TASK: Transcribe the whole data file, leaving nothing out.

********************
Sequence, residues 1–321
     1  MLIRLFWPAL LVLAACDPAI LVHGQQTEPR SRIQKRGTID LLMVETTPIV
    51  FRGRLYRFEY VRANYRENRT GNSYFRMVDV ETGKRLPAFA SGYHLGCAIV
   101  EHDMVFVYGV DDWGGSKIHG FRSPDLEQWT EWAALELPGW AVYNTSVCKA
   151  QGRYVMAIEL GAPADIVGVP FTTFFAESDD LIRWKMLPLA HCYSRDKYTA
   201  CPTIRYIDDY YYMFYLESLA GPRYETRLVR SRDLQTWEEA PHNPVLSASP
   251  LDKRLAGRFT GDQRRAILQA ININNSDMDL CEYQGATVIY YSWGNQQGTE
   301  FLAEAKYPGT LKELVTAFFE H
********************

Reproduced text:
Sequence, residues 1–321
     1  MLIRLFWPAL LVLAACDPAI LVHGQQTEPR SRIQKRGTID LLMVETTPIV
    51  FRGRLYRFEY VRANYRENRT GNSYFRMVDV ETGKRLPAFA SGYHLGCAIV
   101  EHDMVFVYGV DDWGGSKIHG FRSPDLEQWT EWAALELPGW AVYNTSVCKA
   151  QGRYVMAIEL GAPADIVGVP FTTFFAESDD LIRWKMLPLA HCYSRDKYTA
   201  CPTIRYIDDY YYMFYLESLA GPRYETRLVR SRDLQTWEEA PHNPVLSASP
   251  LDKRLAGRFT GDQRRAILQA ININNSDMDL CEYQGATVIY YSWGNQQGTE
   301  FLAEAKYPGT LKELVTAFFE H